Lyric Opera of Chicago

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Ryan Opera Center Spotlight: Will Liverman

Baritone and recent Ryan Opera Center alumnus Will Liverman is off to a stellar start in his career. This Juilliard grad just released his first album and he's currently in rehearsals at Opera Philadelphia to create the role of Dizzie Gillespie in the world premiere of Charlie Parker's Yardbird (June 5-14). Read on to hear more about his recording project and his funniest Lyric moment.

Baritone and recent Ryan Opera Center alumnus Will Liverman is off to a stellar start in his career. This Juilliard grad just released his first album and he's currently in rehearsals at Opera Philadelphia to create the role of Dizzie Gillespie in the world premiere of Charlie Parker's Yardbird (June 5-14).

He had a busy 2014-15 season at Lyric: he appeared in the mainstage productions of Capriccio and Porgy and Bess and starred as Papageno in the brand-new children's presentation The Magic Victrola. Liverman also was a featured performer in the Harris Theater for Music and Dance's new "Beyond the Aria" series last season, which was curated by Ryan Opera Center music director Craig Terry. In previous seasons, he appeared in The Barber of Seville, La traviata, and Werther, among others. Read on to hear more about his recording project and his funniest Lyric moment.

Name: Will Liverman
Age: 26
Voice: Baritone
Year in ROC: Alumnus, graduated with the 2014-15 season
Hometown: Virginia Beach, Virginia
Dream Role: Cavaradossi in Puccini's Tosca (yes, I know I'm not a tenor!)

When did you start singing? When did you know you wanted to be a singer?

I started singing in choir when I was really young around age 5 or 6. I didn't realize I wanted to really pursue singing until I sang in the supplementary chorus at Lyric Opera when I was in college. The whole experience of being surrounded by amazing talent and getting a chance to perform on a big stage was when I really knew that this was something I wanted.

Did you ever consider a career other than singing? 

If I wasn't singing I probably would've continued to pursue composition and a music education degree.   

What was the most memorable performance you've been in at this point in your career?

Actually the most poignant memory I have was being a part of the chorus in Cavalleria Rusticana at Lyric Opera. We got to the big Easter hymn with Dolora Zajick singing Santuzza and never before had I been overwhelmed with such emotion from just the sheer grandeur of what opera can be.  Being surrounded by the glorious singing of the chorus, the orchestra, Dolora's glorious voice singing over us, the amazing set, looking out to the big hall, and just singing my little heart out was a special moment.  Going back to the previous question, that exact feeling and moment was one that inspired me to pursue this.

What is your most hilarious Ryan Opera Center moment?

There are too many hilarious moments! I guess the funniest would have to be my Ivan persona in Die Fledermaus. It was only a speaking role but it sure was a lot of fun. My character's speaking role is announcing the guests as they arrive to the party and one day just for fun I decided to announce the names as loudly as I possibly could and people thought it was hilarious. So every time after that my goal was to yell the names even louder than I did for the previous show. Sometimes I almost couldn't keep a straight face because of how ridiculous it got by the last performance.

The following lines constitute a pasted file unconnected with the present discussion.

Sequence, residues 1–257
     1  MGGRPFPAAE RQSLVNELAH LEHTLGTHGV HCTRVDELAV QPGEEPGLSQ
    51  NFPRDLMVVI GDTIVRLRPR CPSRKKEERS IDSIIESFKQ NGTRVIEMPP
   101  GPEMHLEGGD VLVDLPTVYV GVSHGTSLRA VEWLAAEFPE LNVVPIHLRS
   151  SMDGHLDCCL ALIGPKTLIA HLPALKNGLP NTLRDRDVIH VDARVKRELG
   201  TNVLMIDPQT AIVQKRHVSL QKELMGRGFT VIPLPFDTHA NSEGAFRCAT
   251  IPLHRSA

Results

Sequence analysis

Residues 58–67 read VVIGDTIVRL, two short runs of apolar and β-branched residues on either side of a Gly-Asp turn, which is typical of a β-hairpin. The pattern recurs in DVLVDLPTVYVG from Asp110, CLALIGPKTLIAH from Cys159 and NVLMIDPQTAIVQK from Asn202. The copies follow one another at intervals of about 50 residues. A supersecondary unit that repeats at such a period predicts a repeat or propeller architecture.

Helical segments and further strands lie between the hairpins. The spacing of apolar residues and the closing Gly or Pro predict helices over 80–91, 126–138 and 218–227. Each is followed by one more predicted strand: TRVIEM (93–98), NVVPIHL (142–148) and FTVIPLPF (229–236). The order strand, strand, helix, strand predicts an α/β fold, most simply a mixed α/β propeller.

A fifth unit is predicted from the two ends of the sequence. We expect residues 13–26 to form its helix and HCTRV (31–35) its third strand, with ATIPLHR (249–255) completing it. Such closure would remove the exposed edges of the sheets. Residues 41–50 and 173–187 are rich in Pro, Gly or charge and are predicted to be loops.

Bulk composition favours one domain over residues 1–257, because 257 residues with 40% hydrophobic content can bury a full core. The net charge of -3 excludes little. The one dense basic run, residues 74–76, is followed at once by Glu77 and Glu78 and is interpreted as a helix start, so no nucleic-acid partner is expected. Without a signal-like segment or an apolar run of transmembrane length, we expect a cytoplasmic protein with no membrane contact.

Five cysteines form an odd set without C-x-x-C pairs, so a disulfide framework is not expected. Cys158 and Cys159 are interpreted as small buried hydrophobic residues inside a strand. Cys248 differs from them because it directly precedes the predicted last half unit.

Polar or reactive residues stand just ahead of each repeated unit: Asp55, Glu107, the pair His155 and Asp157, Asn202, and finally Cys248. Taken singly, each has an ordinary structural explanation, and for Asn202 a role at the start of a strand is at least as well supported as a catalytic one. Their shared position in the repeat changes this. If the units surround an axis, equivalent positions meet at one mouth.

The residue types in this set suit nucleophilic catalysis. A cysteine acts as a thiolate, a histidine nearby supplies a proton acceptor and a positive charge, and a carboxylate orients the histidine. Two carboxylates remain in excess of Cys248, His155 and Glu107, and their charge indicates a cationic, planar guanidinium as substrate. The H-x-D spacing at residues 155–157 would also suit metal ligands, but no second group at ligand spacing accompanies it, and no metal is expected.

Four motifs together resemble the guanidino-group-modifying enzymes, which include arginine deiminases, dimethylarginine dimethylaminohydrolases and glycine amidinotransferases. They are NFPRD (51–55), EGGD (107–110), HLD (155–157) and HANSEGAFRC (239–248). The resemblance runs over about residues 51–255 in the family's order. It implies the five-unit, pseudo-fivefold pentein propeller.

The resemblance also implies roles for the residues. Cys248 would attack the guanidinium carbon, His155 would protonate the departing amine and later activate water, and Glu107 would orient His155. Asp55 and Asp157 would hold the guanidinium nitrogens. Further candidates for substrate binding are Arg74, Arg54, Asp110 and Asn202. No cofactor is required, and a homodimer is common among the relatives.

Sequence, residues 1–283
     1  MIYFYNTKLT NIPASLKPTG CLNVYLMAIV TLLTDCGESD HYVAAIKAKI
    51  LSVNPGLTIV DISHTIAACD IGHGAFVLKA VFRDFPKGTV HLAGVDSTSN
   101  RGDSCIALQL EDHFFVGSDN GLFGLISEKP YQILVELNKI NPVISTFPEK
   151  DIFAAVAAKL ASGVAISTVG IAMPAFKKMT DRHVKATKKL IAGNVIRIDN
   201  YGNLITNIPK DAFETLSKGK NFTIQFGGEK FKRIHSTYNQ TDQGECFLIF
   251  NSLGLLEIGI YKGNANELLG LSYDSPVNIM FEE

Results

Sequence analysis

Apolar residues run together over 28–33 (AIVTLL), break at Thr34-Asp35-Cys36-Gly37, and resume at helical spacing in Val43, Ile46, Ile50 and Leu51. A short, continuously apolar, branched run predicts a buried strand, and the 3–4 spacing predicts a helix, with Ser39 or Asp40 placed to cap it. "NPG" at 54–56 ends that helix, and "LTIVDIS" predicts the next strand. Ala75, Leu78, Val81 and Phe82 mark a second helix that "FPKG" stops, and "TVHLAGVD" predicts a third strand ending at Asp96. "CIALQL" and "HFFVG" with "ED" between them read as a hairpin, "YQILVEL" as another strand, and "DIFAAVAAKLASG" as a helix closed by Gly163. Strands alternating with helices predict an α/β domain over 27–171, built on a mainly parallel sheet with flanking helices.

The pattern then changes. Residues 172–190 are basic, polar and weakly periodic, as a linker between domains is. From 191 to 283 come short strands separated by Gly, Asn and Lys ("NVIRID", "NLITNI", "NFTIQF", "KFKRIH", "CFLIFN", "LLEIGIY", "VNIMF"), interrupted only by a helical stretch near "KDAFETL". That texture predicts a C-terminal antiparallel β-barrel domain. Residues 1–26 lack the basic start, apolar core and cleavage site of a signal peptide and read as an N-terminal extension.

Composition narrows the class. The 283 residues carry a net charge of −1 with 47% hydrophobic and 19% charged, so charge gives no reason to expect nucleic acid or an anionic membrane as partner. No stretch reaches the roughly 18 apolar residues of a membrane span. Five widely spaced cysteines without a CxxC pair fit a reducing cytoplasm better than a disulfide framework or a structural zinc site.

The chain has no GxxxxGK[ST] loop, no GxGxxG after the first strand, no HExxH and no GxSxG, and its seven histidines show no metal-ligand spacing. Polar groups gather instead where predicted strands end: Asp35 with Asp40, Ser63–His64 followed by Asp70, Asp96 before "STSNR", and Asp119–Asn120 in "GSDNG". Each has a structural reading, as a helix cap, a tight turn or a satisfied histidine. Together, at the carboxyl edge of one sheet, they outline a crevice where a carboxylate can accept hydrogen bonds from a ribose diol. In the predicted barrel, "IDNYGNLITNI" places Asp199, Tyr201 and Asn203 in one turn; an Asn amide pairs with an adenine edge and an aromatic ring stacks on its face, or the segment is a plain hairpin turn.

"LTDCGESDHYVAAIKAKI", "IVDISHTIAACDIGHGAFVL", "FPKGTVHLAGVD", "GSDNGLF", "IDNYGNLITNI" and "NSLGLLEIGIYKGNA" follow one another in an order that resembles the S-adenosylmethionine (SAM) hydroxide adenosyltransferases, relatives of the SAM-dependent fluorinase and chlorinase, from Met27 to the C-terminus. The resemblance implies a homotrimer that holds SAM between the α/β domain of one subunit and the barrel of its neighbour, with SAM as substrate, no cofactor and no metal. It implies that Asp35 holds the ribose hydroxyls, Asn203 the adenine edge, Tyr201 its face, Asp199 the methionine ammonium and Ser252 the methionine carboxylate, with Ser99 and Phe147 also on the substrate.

Liverman (c) in Die Fledermaus with Emily Fons (l) and Adrian Eröd (r)

Can you tell us a bit about your recently released album?

I just released my very first album entitled Steal Away. It is a collection of spirituals arranged by the very talented composer Shawn Okpebholo. He is a composition professor at Wheaton College, and he heard me sing at an event there and asked if I would be the featured artist on this project. After listening to a few of the spirituals, I was sold. It was so much fun! It was also cool to sing again with fellow Ryan Opera Center alumna J'nai Bridges, who was a featured singer on a few of the spirituals on the album. Overall, it was a great experience and I hope to record something again one day!

Photo credits:

  • Will Liverman portrait credit Devon Cass
  • Lyric Opera of Chicago production photos credit Dan Rest and Todd Rosenberg

 

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Ryan Opera Center Spotlight: Tracy Cantin

Soprano Tracy Cantin just completed her third and final year in the Ryan Opera Center, wrapping up with a stellar 2014-15 season. Read on to hear about some of her most memorable Lyric moments and where this Canadian native finds a taste of home in Chicago.

Soprano Tracy Cantin just completed her third and final year in the Ryan Opera Center, wrapping up with a stellar 2014-15 season. Some of her mainstage appearances at Lyric have included roles in Elektra and Rigoletto in the 2012-13 season, Bertha in The Barber of Seville in 2013-14, and a spectacular mid-performance replacement as the title role in Anna Bolena in January 2015.

Read on to hear about some of her most memorable Lyric moments and where this Canadian native finds a taste of home in Chicago.

Name: Tracy Cantin
Age: 29
Voice: Soprano
Year in ROC: Alumna, graduated at end of 2014-15 season
Hometown: Summerside, Prince Edward Island, Canada
Dream Role: Lady Macbeth in Verdi's Macbeth

When did you start singing? When did you know you wanted to be a singer?

I started singing at a very early age, and began private voice studies at the age of 11. Music had always been a large part of my life, singing in my high school jazz bands, and various ensembles in my hometown, but it wasn't really until my senior year of high school that I realized I could actually study music in university and actively pursue it as a career. Initially I thought that perhaps I would like to be a music teacher, but I quickly realized that performing is where my heart and soul were drawn, and so I began my journey! 

Did you ever consider a career other than singing? And if you had to imagine an alternative career now, what would it be?

My mom would tell you that I always wanted to be a singer, but to tell you the truth, I wanted to be a hair stylist! An alternate career at this point is almost unimaginable, but I could see myself being a music therapist, or perhaps a speech pathologist—somehow incorporating my love of music into helping others would certainly be a fulfilling alternate career!

What was the most memorable performance you've been in at this point in your career?

Singing on the stage at Lyric is always such an enormous privilege, but I think to date my favorite production was my first: Elektra. What a thrilling experience from beginning to end, from the magnificent cast to the brilliant production and direction, I cannot imagine a better way to have made my professional debut!